signs = true,
  severity_sort = true,

-- Change border of documentation hover window, See https://github.com/neovim/neovim/pull/13998.
vim.lsp.handlers["textDocument/hover"] = vim.lsp.with(vim.lsp.handlers.hover, {
  border = "rounded",

This one is a big lengthy, and I took many parts from jdhao’s config, and eduardoarandah’s config with some of my own tweaks. Not every part is necessary, many lines are actually appearance tweaks that you can safely discard.

It took me a while to get my head around what’s really going on with the LSP business. Here are the key components and what each one does:

  1. LSP: the standard.
  2. nvim-lspconfig: the Neovim LSP client that communicates with a server of a language, conforming with the LSP standard.
  3. The language server: e.g. pyright for Python, or clangd for c, the server engine that parses the codes and provides the functionalities such as linting and searching. One language may have multiple different servers, e.g. pyslp and jedi-language-server are both Python servers, besides pyright.
  4. The auto-completion engine: this is yet another independent component in the entire tool chain, but it’s so often used with all the above I mistook it as part of nvim-lspconfig initially. Again, there are more than one auto-completion engines, such as nvim-cmp (talked in later section), nvim-compe (now deprecated), completion-nvim (no longer maintained), and coq_nvim.

So, the essential steps one needs to do to setup LSP for Python:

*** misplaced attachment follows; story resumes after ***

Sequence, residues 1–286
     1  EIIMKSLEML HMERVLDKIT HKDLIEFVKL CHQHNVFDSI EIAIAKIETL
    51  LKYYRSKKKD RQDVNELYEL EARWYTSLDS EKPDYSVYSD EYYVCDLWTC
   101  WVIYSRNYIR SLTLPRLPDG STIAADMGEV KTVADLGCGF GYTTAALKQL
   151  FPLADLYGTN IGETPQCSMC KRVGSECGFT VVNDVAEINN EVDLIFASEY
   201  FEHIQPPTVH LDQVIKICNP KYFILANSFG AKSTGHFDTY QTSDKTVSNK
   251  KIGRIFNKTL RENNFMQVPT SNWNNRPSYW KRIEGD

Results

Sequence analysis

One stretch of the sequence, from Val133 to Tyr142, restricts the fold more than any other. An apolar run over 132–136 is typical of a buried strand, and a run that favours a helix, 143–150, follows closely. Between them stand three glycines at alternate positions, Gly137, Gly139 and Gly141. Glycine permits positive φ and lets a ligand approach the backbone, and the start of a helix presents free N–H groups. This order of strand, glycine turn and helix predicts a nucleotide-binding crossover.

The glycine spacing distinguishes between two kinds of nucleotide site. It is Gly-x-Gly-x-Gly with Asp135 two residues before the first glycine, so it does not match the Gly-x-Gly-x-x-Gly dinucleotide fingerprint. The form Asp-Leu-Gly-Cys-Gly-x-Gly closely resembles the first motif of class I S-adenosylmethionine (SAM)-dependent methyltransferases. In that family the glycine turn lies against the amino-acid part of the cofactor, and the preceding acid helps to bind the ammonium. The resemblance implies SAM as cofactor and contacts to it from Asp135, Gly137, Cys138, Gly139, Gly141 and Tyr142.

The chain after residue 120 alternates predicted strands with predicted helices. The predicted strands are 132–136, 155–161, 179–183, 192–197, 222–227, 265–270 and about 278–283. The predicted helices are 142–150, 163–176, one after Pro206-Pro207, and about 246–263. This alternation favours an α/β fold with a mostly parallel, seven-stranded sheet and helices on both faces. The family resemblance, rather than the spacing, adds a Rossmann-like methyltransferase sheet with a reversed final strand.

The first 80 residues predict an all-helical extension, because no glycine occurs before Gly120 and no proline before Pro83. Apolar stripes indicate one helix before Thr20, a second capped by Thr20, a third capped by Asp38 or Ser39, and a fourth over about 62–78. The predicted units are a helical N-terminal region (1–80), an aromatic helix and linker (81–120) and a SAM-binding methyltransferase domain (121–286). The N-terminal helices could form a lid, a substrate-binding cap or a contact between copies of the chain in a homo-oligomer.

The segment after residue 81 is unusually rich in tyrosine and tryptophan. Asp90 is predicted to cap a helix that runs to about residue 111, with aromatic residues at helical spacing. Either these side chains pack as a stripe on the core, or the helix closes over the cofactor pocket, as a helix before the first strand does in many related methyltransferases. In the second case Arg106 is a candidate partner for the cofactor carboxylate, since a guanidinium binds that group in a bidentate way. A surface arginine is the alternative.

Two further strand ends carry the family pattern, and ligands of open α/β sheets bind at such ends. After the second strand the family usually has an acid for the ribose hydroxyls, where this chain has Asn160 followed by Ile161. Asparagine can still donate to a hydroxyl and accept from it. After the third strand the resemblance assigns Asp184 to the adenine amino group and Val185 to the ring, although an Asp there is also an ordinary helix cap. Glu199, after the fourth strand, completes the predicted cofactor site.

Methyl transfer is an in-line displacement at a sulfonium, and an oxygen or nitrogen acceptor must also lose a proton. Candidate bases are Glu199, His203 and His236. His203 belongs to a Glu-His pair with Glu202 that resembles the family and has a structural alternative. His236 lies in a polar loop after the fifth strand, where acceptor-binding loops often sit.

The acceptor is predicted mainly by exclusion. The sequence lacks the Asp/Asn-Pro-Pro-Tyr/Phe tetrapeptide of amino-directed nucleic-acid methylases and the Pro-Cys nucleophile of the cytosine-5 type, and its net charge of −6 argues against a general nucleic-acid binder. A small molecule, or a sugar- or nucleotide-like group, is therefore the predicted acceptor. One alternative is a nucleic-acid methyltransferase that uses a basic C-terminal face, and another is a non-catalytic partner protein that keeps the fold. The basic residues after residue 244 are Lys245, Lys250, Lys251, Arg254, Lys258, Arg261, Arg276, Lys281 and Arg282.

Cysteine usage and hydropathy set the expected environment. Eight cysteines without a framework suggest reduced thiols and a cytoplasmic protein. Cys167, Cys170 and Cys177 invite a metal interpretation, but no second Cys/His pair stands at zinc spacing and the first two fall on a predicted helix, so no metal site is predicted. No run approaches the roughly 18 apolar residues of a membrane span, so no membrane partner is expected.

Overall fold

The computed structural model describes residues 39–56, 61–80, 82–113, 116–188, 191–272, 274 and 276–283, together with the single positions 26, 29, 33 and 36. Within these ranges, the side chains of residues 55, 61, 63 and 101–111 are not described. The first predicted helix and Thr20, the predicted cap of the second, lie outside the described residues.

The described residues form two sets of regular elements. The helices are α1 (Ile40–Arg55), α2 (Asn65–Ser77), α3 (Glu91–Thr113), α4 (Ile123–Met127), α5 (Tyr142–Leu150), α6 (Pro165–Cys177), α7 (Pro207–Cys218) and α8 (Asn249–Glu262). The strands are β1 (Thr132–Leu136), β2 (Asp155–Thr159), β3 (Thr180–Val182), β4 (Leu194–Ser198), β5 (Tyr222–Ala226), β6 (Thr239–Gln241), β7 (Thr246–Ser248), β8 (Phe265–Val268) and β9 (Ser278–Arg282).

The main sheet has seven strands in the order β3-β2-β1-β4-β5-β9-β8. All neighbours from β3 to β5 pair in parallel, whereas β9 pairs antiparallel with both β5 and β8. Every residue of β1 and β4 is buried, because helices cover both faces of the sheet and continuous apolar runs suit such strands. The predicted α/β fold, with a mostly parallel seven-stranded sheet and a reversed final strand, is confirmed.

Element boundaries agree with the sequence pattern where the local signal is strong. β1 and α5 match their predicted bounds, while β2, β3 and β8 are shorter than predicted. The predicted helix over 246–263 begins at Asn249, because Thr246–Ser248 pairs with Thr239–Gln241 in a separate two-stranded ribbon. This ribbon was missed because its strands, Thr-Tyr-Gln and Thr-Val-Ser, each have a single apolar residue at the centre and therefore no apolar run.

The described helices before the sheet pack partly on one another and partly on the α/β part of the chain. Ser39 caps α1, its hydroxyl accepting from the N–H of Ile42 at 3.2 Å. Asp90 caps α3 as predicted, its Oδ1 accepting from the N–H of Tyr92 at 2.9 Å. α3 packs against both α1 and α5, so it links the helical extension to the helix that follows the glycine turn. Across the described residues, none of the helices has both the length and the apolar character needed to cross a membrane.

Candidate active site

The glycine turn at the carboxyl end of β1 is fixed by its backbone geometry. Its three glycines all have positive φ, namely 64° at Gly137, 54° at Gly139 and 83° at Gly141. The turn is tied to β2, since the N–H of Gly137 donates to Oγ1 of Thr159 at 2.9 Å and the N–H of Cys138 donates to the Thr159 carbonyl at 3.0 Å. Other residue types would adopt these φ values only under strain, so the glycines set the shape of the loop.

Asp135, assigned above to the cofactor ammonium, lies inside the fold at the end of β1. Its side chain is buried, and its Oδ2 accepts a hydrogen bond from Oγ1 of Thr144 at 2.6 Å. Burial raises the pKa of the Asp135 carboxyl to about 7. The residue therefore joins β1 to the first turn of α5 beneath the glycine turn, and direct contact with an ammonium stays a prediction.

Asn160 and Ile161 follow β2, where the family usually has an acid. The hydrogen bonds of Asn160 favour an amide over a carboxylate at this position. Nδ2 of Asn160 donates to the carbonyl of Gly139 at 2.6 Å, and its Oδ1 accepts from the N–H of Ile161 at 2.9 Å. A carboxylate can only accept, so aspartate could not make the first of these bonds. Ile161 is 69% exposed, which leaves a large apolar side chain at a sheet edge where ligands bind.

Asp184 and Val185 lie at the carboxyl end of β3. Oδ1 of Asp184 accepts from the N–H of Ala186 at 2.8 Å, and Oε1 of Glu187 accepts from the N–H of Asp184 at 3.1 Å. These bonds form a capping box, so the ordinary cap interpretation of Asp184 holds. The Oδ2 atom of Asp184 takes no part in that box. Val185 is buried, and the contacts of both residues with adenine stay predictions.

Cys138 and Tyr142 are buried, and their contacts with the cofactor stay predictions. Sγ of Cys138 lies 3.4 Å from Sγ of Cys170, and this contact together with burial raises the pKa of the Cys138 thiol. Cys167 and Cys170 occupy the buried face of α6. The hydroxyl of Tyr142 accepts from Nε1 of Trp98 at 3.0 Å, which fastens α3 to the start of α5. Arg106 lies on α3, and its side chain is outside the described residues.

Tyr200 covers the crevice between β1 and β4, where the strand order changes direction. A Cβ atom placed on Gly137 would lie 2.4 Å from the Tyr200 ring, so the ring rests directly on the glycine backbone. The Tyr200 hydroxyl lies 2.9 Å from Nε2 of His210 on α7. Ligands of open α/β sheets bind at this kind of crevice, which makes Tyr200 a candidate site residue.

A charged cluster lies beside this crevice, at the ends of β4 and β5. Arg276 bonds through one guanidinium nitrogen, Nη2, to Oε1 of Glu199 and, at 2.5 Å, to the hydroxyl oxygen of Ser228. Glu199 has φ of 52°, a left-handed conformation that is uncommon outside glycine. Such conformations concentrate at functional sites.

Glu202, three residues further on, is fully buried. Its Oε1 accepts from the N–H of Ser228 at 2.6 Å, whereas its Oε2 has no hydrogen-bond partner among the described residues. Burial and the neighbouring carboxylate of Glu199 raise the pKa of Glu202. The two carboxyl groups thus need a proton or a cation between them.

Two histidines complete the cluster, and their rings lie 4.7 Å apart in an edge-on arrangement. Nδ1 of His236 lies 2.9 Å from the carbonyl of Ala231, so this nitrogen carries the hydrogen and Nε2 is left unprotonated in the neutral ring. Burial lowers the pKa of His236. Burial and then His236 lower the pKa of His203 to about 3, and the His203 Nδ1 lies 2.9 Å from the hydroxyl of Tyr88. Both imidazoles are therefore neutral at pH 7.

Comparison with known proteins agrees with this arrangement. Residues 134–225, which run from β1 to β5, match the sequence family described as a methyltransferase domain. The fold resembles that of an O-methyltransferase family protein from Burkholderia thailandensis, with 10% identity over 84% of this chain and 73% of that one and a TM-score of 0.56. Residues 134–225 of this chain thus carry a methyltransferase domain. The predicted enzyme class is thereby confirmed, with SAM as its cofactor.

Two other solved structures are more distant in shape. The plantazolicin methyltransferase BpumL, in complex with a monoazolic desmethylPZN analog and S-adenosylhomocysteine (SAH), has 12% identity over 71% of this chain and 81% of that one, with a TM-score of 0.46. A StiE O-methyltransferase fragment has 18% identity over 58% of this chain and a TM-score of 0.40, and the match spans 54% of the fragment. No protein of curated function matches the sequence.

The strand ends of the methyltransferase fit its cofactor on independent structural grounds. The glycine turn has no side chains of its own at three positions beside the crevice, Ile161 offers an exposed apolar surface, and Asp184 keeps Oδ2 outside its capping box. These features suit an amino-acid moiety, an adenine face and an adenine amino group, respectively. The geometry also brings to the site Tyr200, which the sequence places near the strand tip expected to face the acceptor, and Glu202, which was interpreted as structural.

1. Pick one language server and install in the OS, outside of Neovim. E.g. npm install -g pyright for pyright, pip install 'python-lsp-server[all]' for pyslp, or pip install jedi-language-server for jedi-language-server.
  2. Install the nvim-lspconfig plugin in Neovim.
  3. Add the language server in Step 1 to Neovim’s config: e.g. require'lspconfig'.pyright.setup{}.
  4. Optionally add additional configs inside the setup{} brackets as above shown.
  5. Open and edit a Python script file and watch the LSP tools function, e.g. Figure 3 below demonstrates the hover function (bound to Shift-K hotkey) in action, and Figure 4 shows the diagnostics from pylsp on one of my Python scripts (I consider myself a free-form programmer).
Figure 3. hover function using LSP and pyslp server.
Figure 4. Diagnostics on Python code using LSP and pyslp server.


As alluded to above, nvim-cmp is one auto-completion engine for Vim/Neovim, among many other alternatives (e.g. nvim-compe, completion-nvim (both deprecated) and coq_nvim). It seems to be the go-to choice nowadays, so I picked this one.

Again, I found it helpful to first get some concepts/terminologies straight (this is one of the obstacles I noticed that may hinder a smooth transition into Neovim).